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LAMBRO: Mount Obama
President’s pile of debt a monument to failure
Question of the Day
President Obama thinks the debate over raising the $16.4 trillion debt ceiling isn’t the place or the time to be discussing runaway spending.
Essentially, that was his message Monday in a full-court press of Republicans in Congress for having the temerity to suggest that before we raise the debt ceiling by another $2 trillion, maybe we should begin discussing how to reduce spending, how to shrink our monstrous national debt, and how the government must begin living within its means.
With the government debt soaring toward $17 trillion — and likely to skyrocket to $25 trillion by the end of Mr. Obama’s second term — if this isn’t the time to map out a plan to bring down spending, when is?
The president says that moment will come after the debt ceiling is raised, and not before. But Republicans and taxpayers have bought into Mr. Obama’s flimflam promises before and have come up empty-handed when budget-making time rolled around.
House Republicans have sent over budgets to slow the growth in spending, and each time Senate Majority Leader Harry Reid has tossed them into the wastebasket. It is not widely known by most Americans, but we’ve been without a budget for the past three years because the Senate has refused to adopt a formal budget resolution. Mr. Reid says we don’t need one.
Living within one’s means requires making a budget and sticking to it. Families do it. States do it. But when was the last time you heard Mr. Obama call on Congress to send him a budget? He seems to be happy without one.
Why not? It’s allowed Mr. Obama and the Democrats to engage in their favorite fiscal pastime: deficit spending.
They’ve been on a historically unprecedented spending binge since 2009, and here are the budget deficits over the past four years to prove it: $1.4 trillion in 2009; $1.3 trillion in 2010; $1.3 trillion in 2011; and an estimated $1.2 trillion in 2012, according to the Congressional Budget Office. This year’s budget deficit, according to CBO, is on track to come in at $1.1 trillion.
If you are counting, this adds $6.3 trillion to our national debt, yet Mr. Obama says the debt ceiling debate isn’t the appropriate time to talk about budget cutting.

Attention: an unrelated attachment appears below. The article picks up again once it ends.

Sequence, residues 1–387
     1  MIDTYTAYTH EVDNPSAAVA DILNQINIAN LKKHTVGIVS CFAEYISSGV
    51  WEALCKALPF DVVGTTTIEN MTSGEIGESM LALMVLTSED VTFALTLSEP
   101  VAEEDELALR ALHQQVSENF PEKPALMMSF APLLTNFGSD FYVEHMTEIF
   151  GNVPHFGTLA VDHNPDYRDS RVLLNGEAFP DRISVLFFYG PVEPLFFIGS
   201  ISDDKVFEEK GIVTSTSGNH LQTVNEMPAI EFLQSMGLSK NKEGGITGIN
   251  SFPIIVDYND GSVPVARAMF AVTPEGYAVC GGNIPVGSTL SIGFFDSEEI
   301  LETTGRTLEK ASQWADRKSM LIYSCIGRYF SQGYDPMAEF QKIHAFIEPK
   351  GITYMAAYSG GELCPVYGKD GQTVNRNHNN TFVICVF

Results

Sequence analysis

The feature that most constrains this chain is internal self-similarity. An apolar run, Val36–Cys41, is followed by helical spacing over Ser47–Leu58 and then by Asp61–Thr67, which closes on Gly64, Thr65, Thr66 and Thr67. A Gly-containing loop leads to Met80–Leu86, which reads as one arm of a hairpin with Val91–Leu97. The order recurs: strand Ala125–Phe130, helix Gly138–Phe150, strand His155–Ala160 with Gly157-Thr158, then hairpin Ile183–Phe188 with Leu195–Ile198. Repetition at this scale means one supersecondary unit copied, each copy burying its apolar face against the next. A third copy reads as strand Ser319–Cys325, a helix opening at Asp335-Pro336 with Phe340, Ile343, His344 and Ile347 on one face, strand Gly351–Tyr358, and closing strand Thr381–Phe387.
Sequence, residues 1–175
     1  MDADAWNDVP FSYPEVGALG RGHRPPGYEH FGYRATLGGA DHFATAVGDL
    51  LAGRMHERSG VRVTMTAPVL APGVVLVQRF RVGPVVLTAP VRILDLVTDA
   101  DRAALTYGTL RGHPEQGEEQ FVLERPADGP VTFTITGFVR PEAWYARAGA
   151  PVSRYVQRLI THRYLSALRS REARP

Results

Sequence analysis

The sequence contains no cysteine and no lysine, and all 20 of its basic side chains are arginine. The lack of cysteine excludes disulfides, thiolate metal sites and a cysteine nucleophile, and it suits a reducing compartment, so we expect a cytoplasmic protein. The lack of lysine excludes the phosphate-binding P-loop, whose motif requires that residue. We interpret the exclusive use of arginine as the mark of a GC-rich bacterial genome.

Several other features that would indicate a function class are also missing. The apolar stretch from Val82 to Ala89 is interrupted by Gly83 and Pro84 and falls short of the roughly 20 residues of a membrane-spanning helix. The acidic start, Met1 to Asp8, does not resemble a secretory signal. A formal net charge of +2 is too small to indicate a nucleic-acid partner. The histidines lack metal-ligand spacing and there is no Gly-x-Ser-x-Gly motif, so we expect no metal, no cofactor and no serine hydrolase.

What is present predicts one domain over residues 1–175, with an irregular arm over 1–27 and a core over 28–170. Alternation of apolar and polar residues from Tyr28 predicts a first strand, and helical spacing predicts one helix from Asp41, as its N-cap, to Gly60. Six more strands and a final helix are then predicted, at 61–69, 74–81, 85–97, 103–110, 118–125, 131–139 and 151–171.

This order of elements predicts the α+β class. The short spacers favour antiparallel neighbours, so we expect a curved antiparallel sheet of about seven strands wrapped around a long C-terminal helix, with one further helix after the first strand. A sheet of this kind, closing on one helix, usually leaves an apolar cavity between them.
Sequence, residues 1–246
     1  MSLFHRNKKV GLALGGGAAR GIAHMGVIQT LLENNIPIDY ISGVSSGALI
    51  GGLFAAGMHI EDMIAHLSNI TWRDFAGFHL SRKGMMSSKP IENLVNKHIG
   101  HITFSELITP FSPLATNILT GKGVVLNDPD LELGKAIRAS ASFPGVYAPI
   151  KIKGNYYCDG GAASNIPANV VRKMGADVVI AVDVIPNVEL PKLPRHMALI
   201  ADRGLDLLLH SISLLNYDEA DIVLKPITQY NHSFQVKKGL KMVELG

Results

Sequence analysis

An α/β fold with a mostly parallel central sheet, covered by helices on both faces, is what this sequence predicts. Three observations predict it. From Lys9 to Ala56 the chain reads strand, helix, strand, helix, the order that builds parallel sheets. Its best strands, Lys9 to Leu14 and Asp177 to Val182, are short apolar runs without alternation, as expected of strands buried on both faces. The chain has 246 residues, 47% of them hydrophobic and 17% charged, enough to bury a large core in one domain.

House Speaker John A. Boehner doesn’t see it that way. “The American people do not support raising the debt ceiling without reducing government spending at the same time,” he said Monday in response to Mr. Obama’s attacks on the GOP. “The consequences of failing to increase the debt ceiling are real, but so, too, are the consequences of allowing our spending problem to go unresolved.”
That sounds pretty reasonable to me. But it was clear from Mr. Obama’s combative remarks Monday, with disturbing illusions of hostage-taking, ransom demands and “a gun at the head of the American people,” that he’s looking for a political fight, that his campaign isn’t over, and that this is the way he’s going to govern for the next four years.
He repeated his annoying re-election boast, which he’s made quite often since Election Day, that “the American people agreed with me.”
“So [the Republicans] got a particular view of what government should do and should be. And, you know, that view was rejected by the American people.”
The American people also voted to keep the House in Republican hands by a decisive margin. Don’t they have a say in this, too? Apparently, Mr. Obama doesn’t think so.
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About the Author
By Matt Kibbe
The short-term deal will assure long-term overspending
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